The President's Weekly Address
Forty-five years ago, we made a solemn compact as a nation that senior citizens would not go without the health care they need. This is the promise we made when Medicare was born. And it's the responsibility of each generation to keep that promise.
That's why a report issued this week by the trustees who oversee Medicare was such good news. According to this report, the steps we took this year to reform the health care system have put Medicare on a sounder financial footing. Reform has actually added at least a dozen years to the solvency of Medicare, the single longest extension in history, while helping to preserve Medicare for generations to come.
We've made Medicare more solvent by going after waste, fraud, and abuse, not by changing seniors' guaranteed benefits. In fact, seniors are starting to see that because of health reform, their benefits are getting better all the time.
Seniors who fall into the doughnut hole, the gap in Medicare Part D drug coverage, are eligible right now for a $250 rebate to help cover the cost of their prescriptions. Now, I know for people facing drug costs far higher than that, they need more help. So starting next year, if you fall in the doughnut hole, you'll get a 50-percent discount on the brand-name medicine you need. And in the coming years, this law will close the doughnut hole completely once and for all.
Already, we've put insurance companies on notice that we have the authority to review and reject unreasonable rate increases for Medicare Advantage plans. And we've made it clear to the insurers that we won't hesitate to use this authority to protect seniors.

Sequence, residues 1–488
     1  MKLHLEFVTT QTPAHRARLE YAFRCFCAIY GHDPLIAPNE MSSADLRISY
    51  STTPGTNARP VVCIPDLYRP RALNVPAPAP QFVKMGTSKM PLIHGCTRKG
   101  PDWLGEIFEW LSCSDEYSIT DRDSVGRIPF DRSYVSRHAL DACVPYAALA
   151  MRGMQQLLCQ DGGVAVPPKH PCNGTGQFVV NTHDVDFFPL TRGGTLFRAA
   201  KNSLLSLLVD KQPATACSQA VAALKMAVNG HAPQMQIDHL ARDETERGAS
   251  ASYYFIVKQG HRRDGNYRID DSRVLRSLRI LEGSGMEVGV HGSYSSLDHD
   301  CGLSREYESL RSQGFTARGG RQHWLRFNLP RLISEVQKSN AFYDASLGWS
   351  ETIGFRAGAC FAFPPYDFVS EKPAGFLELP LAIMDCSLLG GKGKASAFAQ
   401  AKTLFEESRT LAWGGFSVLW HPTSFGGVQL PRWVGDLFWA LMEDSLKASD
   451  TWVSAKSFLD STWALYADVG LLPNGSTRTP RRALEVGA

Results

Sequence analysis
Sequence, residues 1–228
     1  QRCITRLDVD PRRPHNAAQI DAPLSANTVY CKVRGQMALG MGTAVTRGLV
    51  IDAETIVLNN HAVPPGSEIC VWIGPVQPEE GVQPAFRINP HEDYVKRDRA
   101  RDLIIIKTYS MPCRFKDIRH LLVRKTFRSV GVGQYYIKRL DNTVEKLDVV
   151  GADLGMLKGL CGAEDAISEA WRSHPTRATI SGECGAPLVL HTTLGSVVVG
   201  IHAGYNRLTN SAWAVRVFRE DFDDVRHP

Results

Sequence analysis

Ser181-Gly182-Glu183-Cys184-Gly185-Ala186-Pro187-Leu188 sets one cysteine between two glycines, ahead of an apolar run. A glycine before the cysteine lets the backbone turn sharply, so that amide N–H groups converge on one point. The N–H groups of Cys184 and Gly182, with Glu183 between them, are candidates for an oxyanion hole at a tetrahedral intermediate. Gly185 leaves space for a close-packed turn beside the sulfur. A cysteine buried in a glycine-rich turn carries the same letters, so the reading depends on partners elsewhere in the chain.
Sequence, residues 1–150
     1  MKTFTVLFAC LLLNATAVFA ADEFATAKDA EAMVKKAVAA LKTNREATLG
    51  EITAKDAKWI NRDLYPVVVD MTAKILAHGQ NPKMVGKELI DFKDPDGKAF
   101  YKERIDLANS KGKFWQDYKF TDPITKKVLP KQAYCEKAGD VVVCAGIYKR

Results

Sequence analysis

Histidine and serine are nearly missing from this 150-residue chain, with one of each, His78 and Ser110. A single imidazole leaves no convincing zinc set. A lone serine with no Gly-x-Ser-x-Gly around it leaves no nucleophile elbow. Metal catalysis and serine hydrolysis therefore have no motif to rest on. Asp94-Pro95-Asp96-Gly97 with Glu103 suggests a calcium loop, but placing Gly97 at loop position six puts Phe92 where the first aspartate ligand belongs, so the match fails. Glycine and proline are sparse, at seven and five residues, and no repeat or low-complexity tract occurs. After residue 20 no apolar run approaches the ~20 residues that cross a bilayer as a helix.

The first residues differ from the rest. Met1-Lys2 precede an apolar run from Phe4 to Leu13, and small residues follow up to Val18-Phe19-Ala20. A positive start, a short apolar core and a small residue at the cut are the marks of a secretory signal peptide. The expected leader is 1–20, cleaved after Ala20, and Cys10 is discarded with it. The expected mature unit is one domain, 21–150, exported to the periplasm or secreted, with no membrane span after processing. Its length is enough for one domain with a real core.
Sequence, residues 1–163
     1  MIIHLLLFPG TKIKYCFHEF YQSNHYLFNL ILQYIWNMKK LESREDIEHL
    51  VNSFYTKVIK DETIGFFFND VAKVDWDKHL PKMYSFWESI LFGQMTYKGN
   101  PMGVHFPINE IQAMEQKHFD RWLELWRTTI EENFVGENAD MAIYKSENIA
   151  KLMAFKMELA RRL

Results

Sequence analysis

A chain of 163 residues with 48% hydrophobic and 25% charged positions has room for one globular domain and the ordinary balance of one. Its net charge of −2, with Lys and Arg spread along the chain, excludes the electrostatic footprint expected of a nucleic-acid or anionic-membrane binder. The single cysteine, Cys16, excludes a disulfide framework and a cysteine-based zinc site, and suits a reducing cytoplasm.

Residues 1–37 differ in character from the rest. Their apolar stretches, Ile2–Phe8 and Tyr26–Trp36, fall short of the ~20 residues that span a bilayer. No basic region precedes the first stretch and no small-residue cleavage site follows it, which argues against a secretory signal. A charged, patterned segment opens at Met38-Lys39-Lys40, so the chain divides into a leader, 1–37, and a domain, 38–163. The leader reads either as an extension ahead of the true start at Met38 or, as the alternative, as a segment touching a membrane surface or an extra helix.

Beginning next year, preventive care, including annual physicals, wellness exams, and tests like mammograms, will be free for seniors as well. That will make it easier for folks to stay healthy. But it will also mean that doctors can catch things earlier, so treatment may be less invasive and less expensive.
And as reform ramps up in the coming years, we expect seniors to save an average of $200 per year in premiums and more than $200 each year in out of pocket costs too.
This is possible in part through reforms that target waste and abuse and redirect those resources to where they're supposed to go: our seniors. We're already on track to cut improper payments in half, including money that goes to criminals who steal taxpayer dollars by setting up insurance scams and other frauds. And we won't stop there, because by preventing the loss of these tax dollars, we can both address the runaway costs of Medicare and improve the quality of care seniors receive, and we can crack down on those who prey on seniors and take advantage of people.
So we are no longer accepting business as usual. We're making tough decisions to meet the challenges of our time. And as a result, Medicare is stronger and more secure. That's important, because Medicare isn't just a program. It's a commitment to America's seniors that after working your whole life, you've earned the security of quality health care you can afford. As long as I am President, that's a commitment this country is going to keep.
NOTE: The address was recorded at approximately 4:45 p.m. on August 6 in the Map Room at the White House for broadcast on August 7. The transcript was made available by the Office of the Press Secretary on August 6, but was embargoed for release until 6 a.m. on August 7. The Office of the Press Secretary also released a Spanish language transcript of this address.
Barack Obama, The President's Weekly Address Online by Gerhard Peters and John T. Woolley, The American Presidency Project https://www.presidency.ucsb.edu/node/288834